Article

Reproducibility of Spectral-Domain Optical Coherence Tomography Total Retinal Thickness Measurements in Mice

UPMC Eye Center, Eye and Ear Institute, Department of Ophthalmology, University of Pittsburgh School of Medicine, Pittsburgh, PA 15213, USA.
Investigative ophthalmology & visual science (Impact Factor: 3.66). 12/2010; 51(12):6519-23. DOI: 10.1167/iovs.10-5662
Source: PubMed

ABSTRACT To test the reproducibility of spectral-domain optical coherence tomography (SD-OCT) total retinal thickness (TRT) measurements in mice.
C57Bl/6 mice were anesthetized, and three repeated volumetric images were acquired in both eyes with SD-OCT (250 A-scans × 250 frames × 1024 samplings), centered on the optic nerve head (ONH). The mice were repositioned between scans. TRT was automatically measured within a sampling band of retinal thickness with radii of 55 to 70 pixels, centered on the ONH by using custom segmentation software. The first volumetric image acquired in a given eye was used to register the remaining two SD-OCT images by manually aligning the en face images with respect to rotation and linear translation. Linear mixed-effects models were fitted to global and quadrant thicknesses, taking into account the clustering between eyes, to assess imprecision (measurement reproducibility).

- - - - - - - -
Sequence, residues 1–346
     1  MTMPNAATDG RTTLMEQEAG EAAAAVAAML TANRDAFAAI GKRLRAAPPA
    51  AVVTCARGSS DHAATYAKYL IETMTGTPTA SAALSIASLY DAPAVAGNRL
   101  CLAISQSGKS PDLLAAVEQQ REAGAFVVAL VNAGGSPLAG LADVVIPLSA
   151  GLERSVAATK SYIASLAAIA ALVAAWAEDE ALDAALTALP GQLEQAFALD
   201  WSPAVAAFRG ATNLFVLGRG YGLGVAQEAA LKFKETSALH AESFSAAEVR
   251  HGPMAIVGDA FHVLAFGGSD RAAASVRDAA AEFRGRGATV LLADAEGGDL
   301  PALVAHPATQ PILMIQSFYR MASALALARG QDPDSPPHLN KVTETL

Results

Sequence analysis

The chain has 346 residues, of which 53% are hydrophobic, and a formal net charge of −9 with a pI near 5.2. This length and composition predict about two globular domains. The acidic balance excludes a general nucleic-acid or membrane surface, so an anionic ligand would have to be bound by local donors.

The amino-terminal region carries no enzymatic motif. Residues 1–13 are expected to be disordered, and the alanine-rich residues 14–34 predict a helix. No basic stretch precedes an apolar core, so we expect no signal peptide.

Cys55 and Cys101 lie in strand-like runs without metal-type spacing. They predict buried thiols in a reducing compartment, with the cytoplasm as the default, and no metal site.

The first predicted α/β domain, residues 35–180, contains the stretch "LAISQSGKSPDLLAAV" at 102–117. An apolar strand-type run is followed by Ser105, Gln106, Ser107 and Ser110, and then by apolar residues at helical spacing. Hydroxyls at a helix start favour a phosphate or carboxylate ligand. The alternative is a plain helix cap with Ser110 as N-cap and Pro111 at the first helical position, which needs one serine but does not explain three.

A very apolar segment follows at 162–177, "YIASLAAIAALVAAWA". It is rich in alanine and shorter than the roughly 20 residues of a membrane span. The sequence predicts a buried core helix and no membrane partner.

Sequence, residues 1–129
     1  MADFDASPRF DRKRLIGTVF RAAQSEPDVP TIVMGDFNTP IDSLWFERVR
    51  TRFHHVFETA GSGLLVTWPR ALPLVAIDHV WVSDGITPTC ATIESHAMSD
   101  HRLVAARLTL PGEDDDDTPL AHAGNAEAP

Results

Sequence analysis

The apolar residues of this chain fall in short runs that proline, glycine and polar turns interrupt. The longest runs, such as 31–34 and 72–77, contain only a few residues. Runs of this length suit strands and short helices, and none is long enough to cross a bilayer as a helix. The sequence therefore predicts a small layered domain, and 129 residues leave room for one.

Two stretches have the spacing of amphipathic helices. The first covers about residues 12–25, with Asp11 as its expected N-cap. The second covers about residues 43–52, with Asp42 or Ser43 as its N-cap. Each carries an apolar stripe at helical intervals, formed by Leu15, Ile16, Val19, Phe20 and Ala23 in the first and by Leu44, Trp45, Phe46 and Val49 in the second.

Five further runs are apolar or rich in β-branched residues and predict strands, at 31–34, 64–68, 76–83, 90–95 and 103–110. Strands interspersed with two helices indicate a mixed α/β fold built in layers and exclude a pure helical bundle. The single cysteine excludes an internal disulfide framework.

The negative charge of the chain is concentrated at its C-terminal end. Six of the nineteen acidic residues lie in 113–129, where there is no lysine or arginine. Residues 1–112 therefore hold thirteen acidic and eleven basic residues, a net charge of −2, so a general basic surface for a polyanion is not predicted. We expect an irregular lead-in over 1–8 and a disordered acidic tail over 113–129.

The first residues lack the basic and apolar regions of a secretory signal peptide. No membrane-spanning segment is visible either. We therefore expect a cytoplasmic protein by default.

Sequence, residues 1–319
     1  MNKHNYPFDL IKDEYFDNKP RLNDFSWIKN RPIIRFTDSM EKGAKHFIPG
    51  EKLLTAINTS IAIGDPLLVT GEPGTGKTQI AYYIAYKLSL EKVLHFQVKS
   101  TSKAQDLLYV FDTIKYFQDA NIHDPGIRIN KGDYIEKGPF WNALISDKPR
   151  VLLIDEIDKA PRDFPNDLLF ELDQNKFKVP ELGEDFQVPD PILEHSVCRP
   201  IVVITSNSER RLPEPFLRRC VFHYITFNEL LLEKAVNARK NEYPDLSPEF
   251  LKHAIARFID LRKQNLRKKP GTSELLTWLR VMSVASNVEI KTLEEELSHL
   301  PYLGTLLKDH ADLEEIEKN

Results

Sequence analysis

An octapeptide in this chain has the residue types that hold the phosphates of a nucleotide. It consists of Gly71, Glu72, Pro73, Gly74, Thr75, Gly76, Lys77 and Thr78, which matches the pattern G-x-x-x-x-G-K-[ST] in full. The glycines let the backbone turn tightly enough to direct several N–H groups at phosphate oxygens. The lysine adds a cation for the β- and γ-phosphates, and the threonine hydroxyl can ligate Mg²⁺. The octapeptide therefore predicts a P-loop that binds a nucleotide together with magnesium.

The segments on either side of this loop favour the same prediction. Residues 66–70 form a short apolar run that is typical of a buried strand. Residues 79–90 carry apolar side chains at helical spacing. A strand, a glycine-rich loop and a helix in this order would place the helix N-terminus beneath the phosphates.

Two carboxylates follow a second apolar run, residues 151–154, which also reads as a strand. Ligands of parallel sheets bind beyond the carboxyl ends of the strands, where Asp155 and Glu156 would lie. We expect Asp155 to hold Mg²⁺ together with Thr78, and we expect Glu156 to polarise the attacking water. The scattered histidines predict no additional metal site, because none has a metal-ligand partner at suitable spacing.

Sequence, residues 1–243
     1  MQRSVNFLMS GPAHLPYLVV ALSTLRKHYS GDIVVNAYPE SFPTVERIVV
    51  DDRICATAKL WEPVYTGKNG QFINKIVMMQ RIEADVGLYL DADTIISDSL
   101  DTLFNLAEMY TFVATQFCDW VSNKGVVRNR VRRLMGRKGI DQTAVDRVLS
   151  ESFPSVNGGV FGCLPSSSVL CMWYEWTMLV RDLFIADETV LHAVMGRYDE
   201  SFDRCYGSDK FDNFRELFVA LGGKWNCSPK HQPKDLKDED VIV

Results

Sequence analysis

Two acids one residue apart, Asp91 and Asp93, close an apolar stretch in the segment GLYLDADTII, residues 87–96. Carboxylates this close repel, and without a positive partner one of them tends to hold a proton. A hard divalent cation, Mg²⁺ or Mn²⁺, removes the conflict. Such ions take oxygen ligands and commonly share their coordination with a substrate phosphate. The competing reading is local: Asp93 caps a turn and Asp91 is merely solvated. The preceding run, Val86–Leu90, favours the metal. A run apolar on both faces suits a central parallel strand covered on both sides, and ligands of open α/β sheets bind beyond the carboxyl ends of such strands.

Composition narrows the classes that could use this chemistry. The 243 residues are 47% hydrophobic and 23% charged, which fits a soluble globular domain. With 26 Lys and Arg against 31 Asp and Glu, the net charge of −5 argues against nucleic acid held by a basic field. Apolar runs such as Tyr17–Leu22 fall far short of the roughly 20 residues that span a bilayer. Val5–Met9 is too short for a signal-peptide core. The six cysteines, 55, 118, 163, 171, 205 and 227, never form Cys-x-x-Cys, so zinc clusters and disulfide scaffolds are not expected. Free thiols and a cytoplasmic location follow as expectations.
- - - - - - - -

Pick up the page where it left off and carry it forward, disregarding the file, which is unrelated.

Twenty-six eyes of 13 adult mice (age 13 weeks) were imaged. The mean global TRT across all eyes was 298.21 μm, with a mouse heterogeneity standard deviation (SD) of 4.88 μm (coefficient of variation [CV] = 0.016), an eye SD of 3.32 μm (CV = 0.011), and a device-related imprecision SD of 2.33 μm (CV = 0.008). The superior quadrant had the thickest mean TRT measurement (310.38 μm) and the highest (worst) imprecision SD (3.13 μm; CV = 0.010), and the inferior quadrant had the thinnest mean TRT (291.55 μm). The quadrant with the lowest (best) imprecision SD was in the nasal one (2.06 μm; CV = 0.007).
Good reproducibility was observed for SD-OCT retinal thickness measurements in mice. SD-OCT may be useful for in vivo longitudinal studies in mice.

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